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ALVRJ
American short range cruise missile.

Status: Operational 1974.

Historical Essay © Andreas Parsch

LTV ALVRJ

The ALVRJ (Advanced Low-Volume Ramjet; sometimes Air-Launched Low-Volume Ramjet) program was begun by Vought (later LTV) in 1968 under contract from the U.S. Navy. The goal was the flight test of a small and compact ("low volume") ramjet engine for missile applications. LTV designed the propulsion system of the ALVRJ missile as an integral rocket/ramjet. A solid-fuel rocket motor boosted the missile for 5 seconds to ramjet ignition speed, and then the empty rocket motor casing functioned as the ramjet's combustion chamber.

The first of the non-recoverable ALVRJ test vehicles (sometimes called simply LVRJ) was air-launched from an A-7E aircraft in December 1974, and reached a speed of over Mach 2, covering a distance of about 75 km (40 nm). Four successful flight tests followed during 1976, after which the program was completed.

After the completion of the successful ALVRJ program, LTV proposed a tactical derivative for the Navy's generic STM (Supersonic Tactical Missile) requirement. It was very similar to the ALVRJ vehicles, and first flew in April 1979. However, the Navy did not pursue this project, and instead tried to develop the BGM-109 Tomahawk together with the Air Force as a medium-range air-to-surface missile (MRASM).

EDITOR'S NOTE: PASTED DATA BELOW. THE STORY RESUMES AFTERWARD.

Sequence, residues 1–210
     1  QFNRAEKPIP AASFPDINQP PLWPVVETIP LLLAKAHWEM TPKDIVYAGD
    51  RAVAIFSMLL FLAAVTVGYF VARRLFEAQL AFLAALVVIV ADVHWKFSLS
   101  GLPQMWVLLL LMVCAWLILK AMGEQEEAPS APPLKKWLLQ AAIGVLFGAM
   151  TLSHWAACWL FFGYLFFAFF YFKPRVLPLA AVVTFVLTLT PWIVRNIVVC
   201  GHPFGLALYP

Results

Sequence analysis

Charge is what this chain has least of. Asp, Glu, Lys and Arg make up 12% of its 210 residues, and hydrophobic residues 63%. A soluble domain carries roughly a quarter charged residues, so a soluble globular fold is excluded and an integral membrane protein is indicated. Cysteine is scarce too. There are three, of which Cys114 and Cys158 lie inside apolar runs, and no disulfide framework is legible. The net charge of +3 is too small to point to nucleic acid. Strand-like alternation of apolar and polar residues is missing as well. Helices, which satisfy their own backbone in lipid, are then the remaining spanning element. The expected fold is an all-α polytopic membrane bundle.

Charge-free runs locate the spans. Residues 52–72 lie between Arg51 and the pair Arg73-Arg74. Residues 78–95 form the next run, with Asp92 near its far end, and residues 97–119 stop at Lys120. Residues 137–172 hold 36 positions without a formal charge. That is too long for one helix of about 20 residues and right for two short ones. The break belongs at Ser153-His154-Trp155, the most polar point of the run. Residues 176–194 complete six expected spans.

In 1983, LTV offered the LVRJ/STM design as its entry into the Navy's YAQM-127A SLAT (Supersonic Low-Altitude Target) competition. However, the Navy selected Martin Marietta's design, which was based on the cancelled ASALM (Advanced Strategix Air-Launched Missile) and also used integrated rocket/ramjet propulsion. In the end, the SLAT program was cancelled before any vehicle was built.

Specifications

Note: Data given by several sources show slight variations. Figures given below may therefore be inaccurate!

Data for ALVRJ:

Length 4.57 m (15 ft)
Diameter 38 cm (15 in)
Speed 2735 km/h (1700 mph)
Range > 160 km (100 miles)
Propulsion Integrated rocket/ramjet
Main Sources

[1] Norman Friedman: "US Naval Weapons", Conway Maritime Press, 1983
[2] R.T. Pretty (ed.): "Jane's Weapon Systems 1977", Jane's, 1977
[3] Vought Heritage Museum Website



More at: ALVRJ.

Country: USA.

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